Remember the better babies contests and Carrie Buck?
IRA FLATOW: Carrie Buck, you write about. Tell us about who Carrie Buck was.
SIDDHARTHA MUKHERJEE: Well, Carrie Buck is an important character. I actually dedicate the book partly to her. She was a woman who was sterilized on the pretext that she carried a gene, maybe more than one gene, for imbecility, which was never proven. In fact, if you look back at her records– and more than one book has been written about her. If we look back at her records, you find out, in fact, that the evidence that she was carrying a genetic form of imbecility was very, very poor. And yet, she was forcibly sterilized. The Supreme Court basically ordered that she could be sterilized for the betterment of society because no one wanted– the famous opinion was three generations of imbeciles is enough. That was the–
IRA FLATOW: You couldn’t do that today. Well, what has changed over that period?
SIDDHARTHA MUKHERJEE: Well, we’ve learned, I think, how to stop ourselves from going over that abyss. We’ve learned that genes or genetics is more complex. We’ve learned how dangerous the seduction is of trying to use heredity in this manner. We’ve learned hard lessons through the Nazi experience as we watched in horror. We’ve learn many of these things.
The question is, have we learned enough? And will we be able to use these lessons in the near future.?
IRA FLATOW: Speaking of learning, let’s talk about another very famous case that taught us something. And I’m speaking about Jesse Gelsinger. Tell us what happened there.
SIDDHARTHA MUKHERJEE: So Jesse Gelsinger was a young boy who had a very mild form of genetic disease. It had affected his liver, among other things. And he decided to enroll in a trial of gene therapy, one of the first trials. And the night before he was going to be injected with a virus containing the corrected gene, there were some abnormalities noticed in his body, some physiologic abnormalities.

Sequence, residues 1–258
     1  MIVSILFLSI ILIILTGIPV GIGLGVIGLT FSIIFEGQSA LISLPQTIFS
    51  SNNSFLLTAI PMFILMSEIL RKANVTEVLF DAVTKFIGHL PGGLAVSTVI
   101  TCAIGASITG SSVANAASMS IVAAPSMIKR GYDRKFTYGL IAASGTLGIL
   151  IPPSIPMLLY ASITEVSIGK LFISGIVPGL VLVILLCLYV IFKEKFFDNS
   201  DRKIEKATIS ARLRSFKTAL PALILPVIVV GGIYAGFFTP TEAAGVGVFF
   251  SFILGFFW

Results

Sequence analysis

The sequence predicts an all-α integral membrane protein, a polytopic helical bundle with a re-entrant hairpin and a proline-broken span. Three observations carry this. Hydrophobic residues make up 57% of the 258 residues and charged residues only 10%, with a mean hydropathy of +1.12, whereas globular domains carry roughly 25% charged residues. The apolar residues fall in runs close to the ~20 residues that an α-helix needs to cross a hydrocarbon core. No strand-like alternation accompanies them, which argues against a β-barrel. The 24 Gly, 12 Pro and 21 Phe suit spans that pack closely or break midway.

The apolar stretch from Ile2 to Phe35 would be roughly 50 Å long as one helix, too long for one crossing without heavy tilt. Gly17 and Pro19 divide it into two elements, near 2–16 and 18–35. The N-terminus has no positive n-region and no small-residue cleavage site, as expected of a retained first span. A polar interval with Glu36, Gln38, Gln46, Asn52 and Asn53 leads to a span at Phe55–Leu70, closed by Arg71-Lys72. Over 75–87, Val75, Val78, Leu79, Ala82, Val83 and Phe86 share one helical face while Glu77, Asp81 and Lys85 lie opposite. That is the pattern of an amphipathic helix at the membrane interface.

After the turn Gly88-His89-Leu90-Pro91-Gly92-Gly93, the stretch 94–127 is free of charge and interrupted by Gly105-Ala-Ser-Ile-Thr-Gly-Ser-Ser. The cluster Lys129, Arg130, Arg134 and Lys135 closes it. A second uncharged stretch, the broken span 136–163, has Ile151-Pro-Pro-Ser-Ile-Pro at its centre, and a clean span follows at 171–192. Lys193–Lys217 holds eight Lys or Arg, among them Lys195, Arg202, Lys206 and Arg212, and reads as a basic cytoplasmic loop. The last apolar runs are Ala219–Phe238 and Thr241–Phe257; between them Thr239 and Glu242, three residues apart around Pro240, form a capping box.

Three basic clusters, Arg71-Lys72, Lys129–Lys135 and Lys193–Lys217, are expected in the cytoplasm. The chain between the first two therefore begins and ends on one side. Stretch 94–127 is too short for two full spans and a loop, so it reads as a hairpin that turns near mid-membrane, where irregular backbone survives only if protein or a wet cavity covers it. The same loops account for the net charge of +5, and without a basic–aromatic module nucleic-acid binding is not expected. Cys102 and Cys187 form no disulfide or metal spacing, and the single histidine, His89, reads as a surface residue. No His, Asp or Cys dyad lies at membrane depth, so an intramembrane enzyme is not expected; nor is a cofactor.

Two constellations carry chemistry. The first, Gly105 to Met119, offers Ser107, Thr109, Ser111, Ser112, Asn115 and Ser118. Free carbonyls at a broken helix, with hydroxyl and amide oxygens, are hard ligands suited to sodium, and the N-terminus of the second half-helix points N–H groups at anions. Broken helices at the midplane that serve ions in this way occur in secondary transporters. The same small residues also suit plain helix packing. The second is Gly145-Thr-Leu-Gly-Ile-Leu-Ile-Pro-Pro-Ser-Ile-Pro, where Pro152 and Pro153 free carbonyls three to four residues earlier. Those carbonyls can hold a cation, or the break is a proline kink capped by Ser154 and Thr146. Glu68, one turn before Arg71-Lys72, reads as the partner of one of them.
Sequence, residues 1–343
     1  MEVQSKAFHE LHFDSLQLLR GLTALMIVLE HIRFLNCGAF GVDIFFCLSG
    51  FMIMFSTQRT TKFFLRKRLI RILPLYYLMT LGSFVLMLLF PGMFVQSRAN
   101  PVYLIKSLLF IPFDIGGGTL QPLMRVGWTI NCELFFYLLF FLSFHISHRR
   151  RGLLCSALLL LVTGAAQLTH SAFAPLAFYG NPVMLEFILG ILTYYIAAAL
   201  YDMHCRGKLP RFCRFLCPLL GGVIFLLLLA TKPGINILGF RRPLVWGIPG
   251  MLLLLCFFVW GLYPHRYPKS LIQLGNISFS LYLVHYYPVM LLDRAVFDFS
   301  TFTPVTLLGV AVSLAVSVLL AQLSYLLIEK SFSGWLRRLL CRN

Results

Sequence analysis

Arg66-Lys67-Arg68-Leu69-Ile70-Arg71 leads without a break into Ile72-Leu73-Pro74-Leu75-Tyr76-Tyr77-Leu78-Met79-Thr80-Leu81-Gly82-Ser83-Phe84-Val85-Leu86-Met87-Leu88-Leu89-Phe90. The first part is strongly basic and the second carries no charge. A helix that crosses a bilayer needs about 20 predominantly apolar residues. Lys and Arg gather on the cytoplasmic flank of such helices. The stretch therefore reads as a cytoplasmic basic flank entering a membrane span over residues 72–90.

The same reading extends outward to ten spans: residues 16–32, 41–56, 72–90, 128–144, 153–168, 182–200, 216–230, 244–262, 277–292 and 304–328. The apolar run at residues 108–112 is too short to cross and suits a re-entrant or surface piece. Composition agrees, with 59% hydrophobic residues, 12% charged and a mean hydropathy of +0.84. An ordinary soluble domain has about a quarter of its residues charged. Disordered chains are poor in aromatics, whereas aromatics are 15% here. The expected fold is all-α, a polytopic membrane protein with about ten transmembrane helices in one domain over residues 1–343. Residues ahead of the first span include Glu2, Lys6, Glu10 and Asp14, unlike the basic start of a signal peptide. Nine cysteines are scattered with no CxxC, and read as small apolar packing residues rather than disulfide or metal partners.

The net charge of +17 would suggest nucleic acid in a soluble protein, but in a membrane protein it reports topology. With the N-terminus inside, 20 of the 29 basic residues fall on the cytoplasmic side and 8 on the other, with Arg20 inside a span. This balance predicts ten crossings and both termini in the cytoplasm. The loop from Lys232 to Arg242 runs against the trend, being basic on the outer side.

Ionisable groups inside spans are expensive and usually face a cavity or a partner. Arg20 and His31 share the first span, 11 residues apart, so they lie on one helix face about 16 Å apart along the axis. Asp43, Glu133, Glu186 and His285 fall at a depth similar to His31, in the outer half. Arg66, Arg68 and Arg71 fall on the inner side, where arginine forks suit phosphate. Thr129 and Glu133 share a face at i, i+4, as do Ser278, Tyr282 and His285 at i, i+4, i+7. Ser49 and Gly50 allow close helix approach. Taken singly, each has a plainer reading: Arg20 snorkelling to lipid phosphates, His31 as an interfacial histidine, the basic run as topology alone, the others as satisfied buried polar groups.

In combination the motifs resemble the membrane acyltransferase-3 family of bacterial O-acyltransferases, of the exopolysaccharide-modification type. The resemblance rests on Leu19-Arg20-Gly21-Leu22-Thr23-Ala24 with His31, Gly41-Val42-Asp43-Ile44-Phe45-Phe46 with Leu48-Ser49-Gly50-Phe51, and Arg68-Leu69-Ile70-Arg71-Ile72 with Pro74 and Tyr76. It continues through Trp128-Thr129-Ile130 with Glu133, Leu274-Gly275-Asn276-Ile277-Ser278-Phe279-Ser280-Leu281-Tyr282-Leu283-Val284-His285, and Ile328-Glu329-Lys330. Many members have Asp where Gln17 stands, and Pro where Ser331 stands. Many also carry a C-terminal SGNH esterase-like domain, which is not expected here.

But he decided– actually, no, he didn’t decide. The team decided to go ahead. He had a terrible immune reaction to the virus. We think immune reaction, a terrible reaction to the virus. And he died as a consequence of that.
IRA FLATOW: And he was not really informed. His father– you write about his father, who is still alive– did not feel that he was adequately informed about what the hazards were.
SIDDHARTHA MUKHERJEE: That’s right. And there’s a regret there, that the father was not fully informed about what the potential risks were of the procedure that was clearly risky.
IRA FLATOW: And what’s the lesson? What do we take away from that?
SIDDHARTHA MUKHERJEE: Well, we learned a lot of lessons from that experience too. We learned about how to control. We learned about what the scientific problems were with using– the irony is that they had decided to use a common cold virus, basically, to deliver the genes, hoping that it very bland. It was not something very weird and outside the box. The irony is that that’s probably the reason, one of the reasons, that he had an immune reaction. He probably had seen or been exposed to that same virus before or to some cousin of it. And sometimes, again, it’s only in retrospect that we figure out what the scientific challenges might have been.